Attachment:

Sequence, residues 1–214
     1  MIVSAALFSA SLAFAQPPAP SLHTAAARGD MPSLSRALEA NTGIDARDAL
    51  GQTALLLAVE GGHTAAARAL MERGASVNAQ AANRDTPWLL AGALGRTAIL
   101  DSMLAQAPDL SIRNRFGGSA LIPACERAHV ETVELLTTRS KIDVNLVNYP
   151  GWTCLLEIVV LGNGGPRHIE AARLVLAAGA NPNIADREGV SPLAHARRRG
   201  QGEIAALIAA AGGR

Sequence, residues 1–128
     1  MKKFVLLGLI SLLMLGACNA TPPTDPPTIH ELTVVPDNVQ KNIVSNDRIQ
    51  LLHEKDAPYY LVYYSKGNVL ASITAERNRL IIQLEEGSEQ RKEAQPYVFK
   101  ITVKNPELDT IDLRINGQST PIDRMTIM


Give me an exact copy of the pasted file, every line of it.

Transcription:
Sequence, residues 1–214
     1  MIVSAALFSA SLAFAQPPAP SLHTAAARGD MPSLSRALEA NTGIDARDAL
    51  GQTALLLAVE GGHTAAARAL MERGASVNAQ AANRDTPWLL AGALGRTAIL
   101  DSMLAQAPDL SIRNRFGGSA LIPACERAHV ETVELLTTRS KIDVNLVNYP
   151  GWTCLLEIVV LGNGGPRHIE AARLVLAAGA NPNIADREGV SPLAHARRRG
   201  QGEIAALIAA AGGR

Sequence, residues 1–128
     1  MKKFVLLGLI SLLMLGACNA TPPTDPPTIH ELTVVPDNVQ KNIVSNDRIQ
    51  LLHEKDAPYY LVYYSKGNVL ASITAERNRL IIQLEEGSEQ RKEAQPYVFK
   101  ITVKNPELDT IDLRINGQST PIDRMTIM